There isn’t much difference between a strategy for digital photo storage and a strategy for data backups. The two objectives have several key elements in common. Knowing how to make provision for those elements can be the difference between protected data and data loss.
The good news is safeguarding your business’ digital photo collection is neither difficult nor expensive. It does, however, take planning and effort. If you follow a series of basic best practices and put them into operation on a consistent basis, you should be able to avoid any major problems preserving your data.
The biggest decision you will have to make when it comes to storing your photos is deciding if you need to convert your photos for a particular purpose. The file size difference between a TIFF photograph and a JPEG photograph at the same resolution can be significant. A TIFF can be downsampled to a JPEG and used on a web site. A JPEG can’t be upsampled to a TIFF and retain its quality.
The best alternative is to store your photos uncompressed in a raw format, like TIFF, in order to maintain quality and fidelity. This will require significant storage space, so if you are using an off-site service, make sure you have the capacity you need.
A standard data backup plan is fairly simple. The first copy of your data is stored on your workstation. The second copy is stored on removable hardware (like an external hard drive, for example). The third copy is stored off-site on a different kind of removable hardware. The off-site set is stored elsewhere to avoid data loss in the event of a fire or burglary.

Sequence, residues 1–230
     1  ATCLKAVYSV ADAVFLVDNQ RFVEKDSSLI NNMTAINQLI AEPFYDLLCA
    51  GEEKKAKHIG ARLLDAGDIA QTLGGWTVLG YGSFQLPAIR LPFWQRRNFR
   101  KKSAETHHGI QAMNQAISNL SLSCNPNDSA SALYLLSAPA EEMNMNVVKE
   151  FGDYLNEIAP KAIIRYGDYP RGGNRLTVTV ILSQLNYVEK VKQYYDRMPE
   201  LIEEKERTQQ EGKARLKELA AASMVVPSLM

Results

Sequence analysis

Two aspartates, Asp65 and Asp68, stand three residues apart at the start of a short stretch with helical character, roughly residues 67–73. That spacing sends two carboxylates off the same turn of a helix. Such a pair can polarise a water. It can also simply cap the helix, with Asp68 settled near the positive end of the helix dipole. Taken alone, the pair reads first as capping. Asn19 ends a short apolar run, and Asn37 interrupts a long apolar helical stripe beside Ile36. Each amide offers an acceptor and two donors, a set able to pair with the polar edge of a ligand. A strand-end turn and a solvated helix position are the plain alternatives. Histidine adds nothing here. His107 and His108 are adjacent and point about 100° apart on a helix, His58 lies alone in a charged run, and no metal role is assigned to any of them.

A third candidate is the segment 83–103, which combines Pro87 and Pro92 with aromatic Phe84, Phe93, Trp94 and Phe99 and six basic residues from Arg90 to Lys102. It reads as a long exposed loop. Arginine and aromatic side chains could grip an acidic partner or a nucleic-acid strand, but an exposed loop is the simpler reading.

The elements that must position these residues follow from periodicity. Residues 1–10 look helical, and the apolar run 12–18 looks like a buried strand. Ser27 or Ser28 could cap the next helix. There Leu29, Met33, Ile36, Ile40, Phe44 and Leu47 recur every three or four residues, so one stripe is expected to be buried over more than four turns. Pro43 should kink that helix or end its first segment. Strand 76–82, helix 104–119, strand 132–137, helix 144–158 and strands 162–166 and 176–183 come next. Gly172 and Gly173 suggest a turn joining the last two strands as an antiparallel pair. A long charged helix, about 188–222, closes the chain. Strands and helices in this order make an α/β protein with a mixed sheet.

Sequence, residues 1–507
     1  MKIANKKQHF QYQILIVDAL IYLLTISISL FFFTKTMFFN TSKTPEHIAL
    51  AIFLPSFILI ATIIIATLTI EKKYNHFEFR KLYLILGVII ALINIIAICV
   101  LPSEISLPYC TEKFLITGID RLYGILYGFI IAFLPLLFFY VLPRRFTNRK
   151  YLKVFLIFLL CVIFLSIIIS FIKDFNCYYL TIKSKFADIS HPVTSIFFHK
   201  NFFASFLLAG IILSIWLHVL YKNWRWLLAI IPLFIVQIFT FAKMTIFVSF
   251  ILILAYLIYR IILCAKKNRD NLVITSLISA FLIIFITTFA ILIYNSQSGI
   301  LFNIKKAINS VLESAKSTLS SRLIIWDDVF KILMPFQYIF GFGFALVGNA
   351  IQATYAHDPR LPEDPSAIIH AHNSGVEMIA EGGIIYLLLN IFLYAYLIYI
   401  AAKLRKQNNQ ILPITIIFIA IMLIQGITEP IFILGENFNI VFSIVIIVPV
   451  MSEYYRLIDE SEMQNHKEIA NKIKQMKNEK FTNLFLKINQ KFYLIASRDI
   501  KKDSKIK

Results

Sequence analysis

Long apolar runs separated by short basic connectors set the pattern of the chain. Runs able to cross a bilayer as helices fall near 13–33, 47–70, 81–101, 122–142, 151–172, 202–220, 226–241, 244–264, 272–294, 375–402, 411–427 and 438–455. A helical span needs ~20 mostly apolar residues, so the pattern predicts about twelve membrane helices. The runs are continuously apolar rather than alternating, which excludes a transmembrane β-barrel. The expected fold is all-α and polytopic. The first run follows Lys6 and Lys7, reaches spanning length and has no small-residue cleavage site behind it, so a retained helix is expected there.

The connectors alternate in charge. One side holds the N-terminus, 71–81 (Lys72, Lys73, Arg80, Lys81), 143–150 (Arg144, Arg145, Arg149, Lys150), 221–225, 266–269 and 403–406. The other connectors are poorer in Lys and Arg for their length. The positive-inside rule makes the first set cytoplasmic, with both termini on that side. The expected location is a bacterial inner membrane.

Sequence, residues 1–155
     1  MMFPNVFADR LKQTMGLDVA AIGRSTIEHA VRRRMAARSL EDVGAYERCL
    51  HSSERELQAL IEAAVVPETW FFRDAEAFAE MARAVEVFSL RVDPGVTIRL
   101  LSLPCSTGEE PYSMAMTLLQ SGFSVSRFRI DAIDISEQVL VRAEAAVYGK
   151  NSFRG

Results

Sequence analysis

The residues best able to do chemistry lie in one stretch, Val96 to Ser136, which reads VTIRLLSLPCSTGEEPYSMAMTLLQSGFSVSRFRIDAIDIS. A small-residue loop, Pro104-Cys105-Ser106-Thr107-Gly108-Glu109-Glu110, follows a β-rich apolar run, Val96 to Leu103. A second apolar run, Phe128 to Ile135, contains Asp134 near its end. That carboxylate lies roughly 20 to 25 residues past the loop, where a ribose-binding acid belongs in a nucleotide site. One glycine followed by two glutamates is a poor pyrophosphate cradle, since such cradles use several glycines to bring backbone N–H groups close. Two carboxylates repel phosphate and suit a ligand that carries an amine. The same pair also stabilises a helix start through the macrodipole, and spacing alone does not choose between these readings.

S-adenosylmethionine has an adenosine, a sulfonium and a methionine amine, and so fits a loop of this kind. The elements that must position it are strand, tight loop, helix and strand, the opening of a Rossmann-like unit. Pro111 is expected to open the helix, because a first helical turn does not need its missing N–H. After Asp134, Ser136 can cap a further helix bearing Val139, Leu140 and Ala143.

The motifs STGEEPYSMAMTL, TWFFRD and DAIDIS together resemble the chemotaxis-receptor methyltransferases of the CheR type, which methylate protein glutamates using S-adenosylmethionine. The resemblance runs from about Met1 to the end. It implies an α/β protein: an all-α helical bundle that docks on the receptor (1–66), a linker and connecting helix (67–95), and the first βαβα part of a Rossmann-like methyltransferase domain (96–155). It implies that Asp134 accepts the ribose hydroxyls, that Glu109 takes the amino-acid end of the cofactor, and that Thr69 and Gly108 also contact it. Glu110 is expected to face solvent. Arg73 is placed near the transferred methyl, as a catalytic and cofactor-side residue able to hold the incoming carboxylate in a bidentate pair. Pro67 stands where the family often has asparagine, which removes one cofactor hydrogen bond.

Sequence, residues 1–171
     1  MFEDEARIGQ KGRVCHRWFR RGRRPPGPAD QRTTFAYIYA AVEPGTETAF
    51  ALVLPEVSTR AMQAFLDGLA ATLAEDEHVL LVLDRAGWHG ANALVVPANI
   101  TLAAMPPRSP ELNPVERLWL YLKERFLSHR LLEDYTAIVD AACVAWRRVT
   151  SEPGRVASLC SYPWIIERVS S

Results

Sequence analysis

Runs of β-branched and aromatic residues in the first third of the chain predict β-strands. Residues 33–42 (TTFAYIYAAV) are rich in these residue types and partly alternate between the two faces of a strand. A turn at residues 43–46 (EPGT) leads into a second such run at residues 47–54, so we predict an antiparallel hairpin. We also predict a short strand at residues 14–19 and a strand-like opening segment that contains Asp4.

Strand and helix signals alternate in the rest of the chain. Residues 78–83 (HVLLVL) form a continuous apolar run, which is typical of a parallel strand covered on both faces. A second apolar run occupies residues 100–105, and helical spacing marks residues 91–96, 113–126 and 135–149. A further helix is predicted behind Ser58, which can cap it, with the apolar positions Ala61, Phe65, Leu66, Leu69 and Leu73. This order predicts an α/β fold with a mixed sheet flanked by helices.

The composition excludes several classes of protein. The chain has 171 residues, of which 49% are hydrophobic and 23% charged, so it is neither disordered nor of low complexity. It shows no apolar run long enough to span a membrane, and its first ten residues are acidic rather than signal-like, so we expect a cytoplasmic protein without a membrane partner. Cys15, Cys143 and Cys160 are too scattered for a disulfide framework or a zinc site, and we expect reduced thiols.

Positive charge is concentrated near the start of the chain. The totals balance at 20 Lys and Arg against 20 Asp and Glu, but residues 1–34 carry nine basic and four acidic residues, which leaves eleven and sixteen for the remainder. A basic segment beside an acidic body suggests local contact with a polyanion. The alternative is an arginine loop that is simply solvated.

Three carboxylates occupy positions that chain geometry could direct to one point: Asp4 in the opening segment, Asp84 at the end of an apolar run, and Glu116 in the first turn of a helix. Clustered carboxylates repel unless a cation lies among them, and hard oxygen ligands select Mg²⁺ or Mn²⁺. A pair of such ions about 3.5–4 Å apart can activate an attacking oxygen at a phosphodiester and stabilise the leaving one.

For digital photos, the third copy can be stored on a remote data backup service (or “cloud” account) and fulfill both the “off-site” and “dissimilar hardware” requirements.
While compression technologies can be used to maximize space on your external storage option, there is a small but real risk of file corruption if your compression software is mis-configured or if file sizes are too large. Loading thousands of enormous TIFF photos into a single zip file and then uploading the entire thing to a remote service might seem like a good idea at the time, but if that archive is your only way to avoid data loss, you might end up disappointed through no fault of your own. It’s a technology that should be treated cautiously.
One important point about uploading to a remote server is ownership of the data. There is almost certainly an agreement in place between the service operator and the users that permits the service operator all the latitude they need to simply delete your files at their whim. Be aware of this and don’t put irreplaceable data on someone else’s computer.
Keeping your most important digital files safe is an important goal. When you’re storing photos for a business, it’s especially important to keep them secure. Consider having an Ottawa IT support expert manage your network security to ensure any potential vulnerabilities are covered and your photos are kept safe. As long as you follow best practices you should be able to accomplish the task easily.